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We don’t like to think of our parents as elderly individuals with more niggles than when they were younger, with more gray hair and with a tendency to be forgetful. We endeavor to keep them young in our minds. We remember the times we went on holiday together, when our parents were active and spritely. However, there comes a time when our age catches up with us. Our parents will eventually need to slow down, take it easier and lean on us for a little more support. Things can get tougher when dementia is thrown into the mix. Dementia can make individuals struggle with memory, see them repeating the same question numerous times, have trouble completing everyday tasks and experience drastic personality changes. This can be hard on family and caregivers. However, there are actions you can take to make the situation more bearable for all.


While you elderly parent may not be able to communicate with you in the same way as when they were younger, and this can be distressing for you, this doesn’t mean you have to shut down. If your mom or dad no longer talks, try and watch out for their non-verbal cues. Continue to talk to them, albeit slower and louder, so they can still hear your voice. Ensure that you remain on their level and don’t stand over them as this can be intimidating. If they become irritable or they talk about a memory from years ago, don’t try and change the topic. Allow them to chat with you, encourage their dialogue and try to maintain a happy demeanor. Any negative vibe that you exude will be felt.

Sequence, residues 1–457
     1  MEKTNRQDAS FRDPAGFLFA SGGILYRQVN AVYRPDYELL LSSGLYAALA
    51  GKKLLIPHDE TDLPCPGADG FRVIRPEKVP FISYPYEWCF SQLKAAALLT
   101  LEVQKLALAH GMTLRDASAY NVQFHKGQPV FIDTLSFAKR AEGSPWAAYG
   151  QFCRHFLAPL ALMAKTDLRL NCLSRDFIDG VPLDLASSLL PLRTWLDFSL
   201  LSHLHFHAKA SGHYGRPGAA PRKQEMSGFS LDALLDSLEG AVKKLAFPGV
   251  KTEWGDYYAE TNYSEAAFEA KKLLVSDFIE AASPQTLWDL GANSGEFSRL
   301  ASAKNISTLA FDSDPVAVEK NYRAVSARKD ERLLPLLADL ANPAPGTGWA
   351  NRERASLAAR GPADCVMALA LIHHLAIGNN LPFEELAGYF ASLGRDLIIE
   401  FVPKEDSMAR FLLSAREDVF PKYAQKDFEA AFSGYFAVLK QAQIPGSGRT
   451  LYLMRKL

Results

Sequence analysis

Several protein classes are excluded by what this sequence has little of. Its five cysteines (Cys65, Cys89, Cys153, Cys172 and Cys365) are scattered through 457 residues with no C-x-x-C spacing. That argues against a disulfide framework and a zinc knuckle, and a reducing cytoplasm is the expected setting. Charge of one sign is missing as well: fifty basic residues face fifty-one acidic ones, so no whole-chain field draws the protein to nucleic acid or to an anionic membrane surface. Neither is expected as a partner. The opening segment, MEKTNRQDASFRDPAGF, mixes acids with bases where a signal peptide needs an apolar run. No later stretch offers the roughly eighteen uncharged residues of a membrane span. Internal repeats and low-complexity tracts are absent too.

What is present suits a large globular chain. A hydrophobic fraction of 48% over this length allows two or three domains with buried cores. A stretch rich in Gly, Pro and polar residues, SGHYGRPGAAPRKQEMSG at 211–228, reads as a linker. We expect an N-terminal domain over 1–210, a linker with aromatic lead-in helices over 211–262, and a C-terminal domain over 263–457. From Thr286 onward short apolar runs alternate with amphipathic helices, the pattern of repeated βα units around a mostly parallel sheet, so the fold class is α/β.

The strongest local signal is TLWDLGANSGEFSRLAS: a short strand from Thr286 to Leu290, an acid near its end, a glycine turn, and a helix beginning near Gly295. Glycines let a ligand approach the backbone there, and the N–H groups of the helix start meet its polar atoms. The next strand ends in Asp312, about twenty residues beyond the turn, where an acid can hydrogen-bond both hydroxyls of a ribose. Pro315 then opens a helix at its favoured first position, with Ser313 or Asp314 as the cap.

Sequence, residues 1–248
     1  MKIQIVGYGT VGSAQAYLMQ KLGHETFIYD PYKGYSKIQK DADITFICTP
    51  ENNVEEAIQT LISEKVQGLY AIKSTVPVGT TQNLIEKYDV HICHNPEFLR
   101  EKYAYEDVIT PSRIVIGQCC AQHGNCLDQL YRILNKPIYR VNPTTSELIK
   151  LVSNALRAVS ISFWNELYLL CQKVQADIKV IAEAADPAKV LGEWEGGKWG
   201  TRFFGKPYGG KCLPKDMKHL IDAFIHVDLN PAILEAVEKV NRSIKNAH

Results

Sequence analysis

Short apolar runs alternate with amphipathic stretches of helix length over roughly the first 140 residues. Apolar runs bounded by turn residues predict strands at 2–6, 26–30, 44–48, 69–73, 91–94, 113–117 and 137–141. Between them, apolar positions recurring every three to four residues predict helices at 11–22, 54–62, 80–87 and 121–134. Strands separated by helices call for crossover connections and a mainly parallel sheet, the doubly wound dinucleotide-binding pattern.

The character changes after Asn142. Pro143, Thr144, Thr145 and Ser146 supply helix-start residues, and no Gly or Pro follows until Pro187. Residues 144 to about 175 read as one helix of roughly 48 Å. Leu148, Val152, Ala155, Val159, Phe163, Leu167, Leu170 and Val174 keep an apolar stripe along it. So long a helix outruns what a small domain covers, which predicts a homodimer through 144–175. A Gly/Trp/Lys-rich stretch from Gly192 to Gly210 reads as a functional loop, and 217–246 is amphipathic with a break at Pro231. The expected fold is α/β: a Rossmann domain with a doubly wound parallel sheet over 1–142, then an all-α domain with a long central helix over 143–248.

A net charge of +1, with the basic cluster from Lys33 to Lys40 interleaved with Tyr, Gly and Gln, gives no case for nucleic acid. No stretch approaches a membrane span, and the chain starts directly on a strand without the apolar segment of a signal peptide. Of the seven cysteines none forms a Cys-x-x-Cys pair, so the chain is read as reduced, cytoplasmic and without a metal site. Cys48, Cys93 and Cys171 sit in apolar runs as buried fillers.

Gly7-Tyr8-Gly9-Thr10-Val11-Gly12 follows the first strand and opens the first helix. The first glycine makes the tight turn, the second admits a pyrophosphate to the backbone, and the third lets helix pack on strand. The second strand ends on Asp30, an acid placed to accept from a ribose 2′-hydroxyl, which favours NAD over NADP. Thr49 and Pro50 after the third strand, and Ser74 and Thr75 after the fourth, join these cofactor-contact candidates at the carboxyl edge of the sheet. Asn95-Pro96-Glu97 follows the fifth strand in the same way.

People with dementia can suffer rampant mood swings. Even the most relaxed individual can become irritable and overreact. They may physically lash out. This can be devastating for you if you witness your parent going through such trauma. Consider researching all local therapy resources & providers to support both you and your parent. They can empower you with strategies to cope and look after yourself.

If your elderly parent has low self esteem and is exhibiting signs of depression because of their dementia diagnosis, encourage them to join a social group. Meeting people going through the same situation can help boost their confidence and may help them cope with their dementia a little easier.

Often those sufferers who shout out, hit or become moody are struggling to communicate. These are sometimes secondary symptoms to not being understood rather than the dementia itself. Imagine not being able to communicate with your family and then not having anyone cater for your needs. Frustration can set in. It’s vital that you show that you care and value their needs. Try to work out what it is that they want and need and facilitate this as much as possible.

Dementia can be a devastating diagnosis. However, by following this guide, you can arm yourself with strategies that will help you and your parent work through dementia together.


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